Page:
Russia’s sporting future at stake as CAS hearing starts on Monday


Russia’s sporting future is at stake in a four-day hearing which starts in Switzerland on Monday.

The World Anti-Doping Agency declared the country’s anti-doping agency, RUSADA, non-compliant with its code in December last year over alleged manipulation of laboratory data.

It imposed a series of sanctions, including a four-year ban on Russian teams competing in international events such as the Tokyo and Beijing Olympic and Paralympic Games, and the 2022 football World Cup in Qatar, and a bar on Russia hosting such international events over the same period.

RUSADA appealed against the decision declaring them non-compliant and the sanctions imposed to the CAS.

A media release from the CAS earlier this week said the appeal had been lodged “on the basis that (the sanctions) were unfounded, lacked legal basis, contravened fundamental principles of justice and fairness, including basic procedural rights and the rule of law, were contrary to Swiss law and violated the principle of proportionality.”

Each side has chosen one of the judges on the panel of three, who must then agree on a panel president – in this case Australia’s Mark Williams.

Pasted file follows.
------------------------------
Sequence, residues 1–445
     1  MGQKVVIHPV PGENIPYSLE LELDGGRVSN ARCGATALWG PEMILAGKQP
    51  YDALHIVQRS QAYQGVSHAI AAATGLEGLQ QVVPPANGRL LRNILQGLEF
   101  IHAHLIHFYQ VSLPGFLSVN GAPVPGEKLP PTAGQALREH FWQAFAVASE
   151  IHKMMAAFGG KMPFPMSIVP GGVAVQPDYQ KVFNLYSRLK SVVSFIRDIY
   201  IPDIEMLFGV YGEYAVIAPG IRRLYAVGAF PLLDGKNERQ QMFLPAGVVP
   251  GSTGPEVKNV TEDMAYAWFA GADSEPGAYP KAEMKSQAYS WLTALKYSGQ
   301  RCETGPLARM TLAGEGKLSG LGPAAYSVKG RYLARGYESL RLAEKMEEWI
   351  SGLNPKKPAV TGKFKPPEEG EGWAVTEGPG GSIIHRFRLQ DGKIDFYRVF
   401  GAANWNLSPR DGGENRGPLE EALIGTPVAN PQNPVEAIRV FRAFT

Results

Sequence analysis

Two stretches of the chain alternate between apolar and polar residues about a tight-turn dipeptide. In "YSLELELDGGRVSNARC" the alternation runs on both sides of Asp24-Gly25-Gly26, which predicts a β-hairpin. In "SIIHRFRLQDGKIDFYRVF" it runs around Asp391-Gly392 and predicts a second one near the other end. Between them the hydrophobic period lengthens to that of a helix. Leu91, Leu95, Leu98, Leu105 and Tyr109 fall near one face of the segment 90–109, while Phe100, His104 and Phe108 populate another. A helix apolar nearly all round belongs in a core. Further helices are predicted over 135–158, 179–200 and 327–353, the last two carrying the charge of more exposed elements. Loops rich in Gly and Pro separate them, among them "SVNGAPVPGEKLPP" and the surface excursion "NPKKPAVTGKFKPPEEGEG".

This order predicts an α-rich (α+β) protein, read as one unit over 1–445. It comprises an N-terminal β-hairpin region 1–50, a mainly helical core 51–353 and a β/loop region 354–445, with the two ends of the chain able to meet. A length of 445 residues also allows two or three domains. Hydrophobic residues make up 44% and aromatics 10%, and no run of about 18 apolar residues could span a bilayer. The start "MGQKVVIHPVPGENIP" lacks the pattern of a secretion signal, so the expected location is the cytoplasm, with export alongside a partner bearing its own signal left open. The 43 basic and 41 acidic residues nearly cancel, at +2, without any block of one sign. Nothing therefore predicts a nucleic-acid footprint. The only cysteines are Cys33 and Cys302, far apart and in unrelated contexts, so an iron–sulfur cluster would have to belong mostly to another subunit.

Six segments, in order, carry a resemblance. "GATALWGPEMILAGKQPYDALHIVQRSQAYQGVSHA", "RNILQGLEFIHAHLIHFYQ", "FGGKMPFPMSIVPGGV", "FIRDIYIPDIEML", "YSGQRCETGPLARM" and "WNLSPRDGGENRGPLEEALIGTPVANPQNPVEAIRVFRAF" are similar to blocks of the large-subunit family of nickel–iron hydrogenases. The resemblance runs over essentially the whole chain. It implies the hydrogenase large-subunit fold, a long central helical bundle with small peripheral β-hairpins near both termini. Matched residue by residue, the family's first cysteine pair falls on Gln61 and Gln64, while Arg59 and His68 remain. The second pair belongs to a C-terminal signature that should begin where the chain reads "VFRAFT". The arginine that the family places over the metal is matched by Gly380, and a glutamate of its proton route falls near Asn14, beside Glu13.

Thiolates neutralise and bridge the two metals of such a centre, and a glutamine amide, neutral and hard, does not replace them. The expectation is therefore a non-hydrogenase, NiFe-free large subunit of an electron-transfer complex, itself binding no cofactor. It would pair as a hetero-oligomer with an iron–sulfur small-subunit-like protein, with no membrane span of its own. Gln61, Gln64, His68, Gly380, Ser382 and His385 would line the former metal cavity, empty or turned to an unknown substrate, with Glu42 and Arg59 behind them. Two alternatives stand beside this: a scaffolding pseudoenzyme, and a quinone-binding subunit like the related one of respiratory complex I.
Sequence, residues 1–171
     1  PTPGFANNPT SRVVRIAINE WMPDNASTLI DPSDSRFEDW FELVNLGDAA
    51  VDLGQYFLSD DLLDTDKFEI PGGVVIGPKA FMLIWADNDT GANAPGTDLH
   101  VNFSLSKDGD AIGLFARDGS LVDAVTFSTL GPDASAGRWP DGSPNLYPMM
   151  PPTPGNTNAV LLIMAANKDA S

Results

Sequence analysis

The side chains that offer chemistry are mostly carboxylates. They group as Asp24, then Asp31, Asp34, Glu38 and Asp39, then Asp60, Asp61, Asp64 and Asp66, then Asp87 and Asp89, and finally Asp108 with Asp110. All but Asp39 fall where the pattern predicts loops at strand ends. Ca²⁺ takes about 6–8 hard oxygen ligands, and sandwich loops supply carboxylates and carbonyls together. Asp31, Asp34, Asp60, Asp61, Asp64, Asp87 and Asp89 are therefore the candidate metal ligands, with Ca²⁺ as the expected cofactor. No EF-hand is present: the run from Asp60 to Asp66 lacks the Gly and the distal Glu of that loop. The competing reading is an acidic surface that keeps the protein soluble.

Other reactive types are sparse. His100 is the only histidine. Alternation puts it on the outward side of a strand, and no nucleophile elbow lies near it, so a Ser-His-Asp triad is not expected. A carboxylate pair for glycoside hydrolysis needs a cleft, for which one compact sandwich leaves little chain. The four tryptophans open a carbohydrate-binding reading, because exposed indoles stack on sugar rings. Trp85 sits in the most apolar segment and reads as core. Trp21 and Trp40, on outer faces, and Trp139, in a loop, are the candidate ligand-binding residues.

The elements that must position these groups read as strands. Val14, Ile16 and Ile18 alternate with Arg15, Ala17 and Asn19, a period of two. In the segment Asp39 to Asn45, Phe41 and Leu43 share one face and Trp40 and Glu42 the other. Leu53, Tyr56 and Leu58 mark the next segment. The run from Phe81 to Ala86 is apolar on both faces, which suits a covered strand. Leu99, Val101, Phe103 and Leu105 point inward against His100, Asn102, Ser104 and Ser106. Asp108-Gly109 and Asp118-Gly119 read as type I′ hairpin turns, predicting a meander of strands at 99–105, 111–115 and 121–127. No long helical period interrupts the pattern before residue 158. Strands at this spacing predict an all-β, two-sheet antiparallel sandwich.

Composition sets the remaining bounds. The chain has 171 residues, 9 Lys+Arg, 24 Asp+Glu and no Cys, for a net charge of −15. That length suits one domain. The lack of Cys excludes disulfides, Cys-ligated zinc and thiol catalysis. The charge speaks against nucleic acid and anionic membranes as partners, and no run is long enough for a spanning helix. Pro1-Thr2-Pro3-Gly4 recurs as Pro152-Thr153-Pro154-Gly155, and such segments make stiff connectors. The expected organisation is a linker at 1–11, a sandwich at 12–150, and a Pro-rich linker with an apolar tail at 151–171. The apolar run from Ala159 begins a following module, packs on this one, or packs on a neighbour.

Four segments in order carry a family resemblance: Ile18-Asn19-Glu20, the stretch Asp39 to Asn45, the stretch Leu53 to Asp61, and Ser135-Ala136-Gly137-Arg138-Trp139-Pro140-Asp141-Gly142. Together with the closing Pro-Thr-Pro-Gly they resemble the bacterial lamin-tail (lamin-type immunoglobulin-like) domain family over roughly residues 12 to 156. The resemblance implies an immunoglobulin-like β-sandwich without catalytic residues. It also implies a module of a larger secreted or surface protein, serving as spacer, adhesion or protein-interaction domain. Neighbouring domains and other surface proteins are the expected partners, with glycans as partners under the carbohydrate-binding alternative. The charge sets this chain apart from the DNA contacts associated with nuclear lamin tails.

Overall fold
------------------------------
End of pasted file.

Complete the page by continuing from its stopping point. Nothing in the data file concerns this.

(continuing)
The laboratory data which WADA found to have been altered when compared to a copy of it provided by a whistleblower in 2017 covered a period between January 2012 and August 2015.

The data was handed over by the Russian authorities in January of last year, and had been one of the conditions of the country’s reinstatement to compliance in September 2018.

WADA President Witold Banka said: “WADA has left no stone unturned in preparation for this hearing and we are looking forward to having the opportunity to present our case clearly and fairly to the Panel.

“I remain convinced that the WADA Executive Committee made the right recommendation in this case last December. As at every other stage, we are following due process in relation to RUSADA’s compliance procedure as we continue to deal effectively with this complex matter.”

Russia’s national anti-doping agency RUSADA was first declared non-compliant in November 2015.

At first the doping scandal centred around track and field, but widened out to include other sports as further investigations were conducted.

An independent inquiry led by Professor Richard McLaren in 2016 found that “state-sponsored” and “systematic” doping had occurred across multiple sports.

Russian athletes were not banned outright from the 2016 Rio Olympics, instead individual international federations had to vet competitors and declare whether they were considered clean.

The new sanctions WADA announced in December 2019 allowed exemptions for athletes if they could prove they were not implicated in the manipulated data, but they would not be able to compete under the Russian flag.

The CAS panel’s decision in the case will be announced at a later date, not at the end of the four-day hearing.

PA

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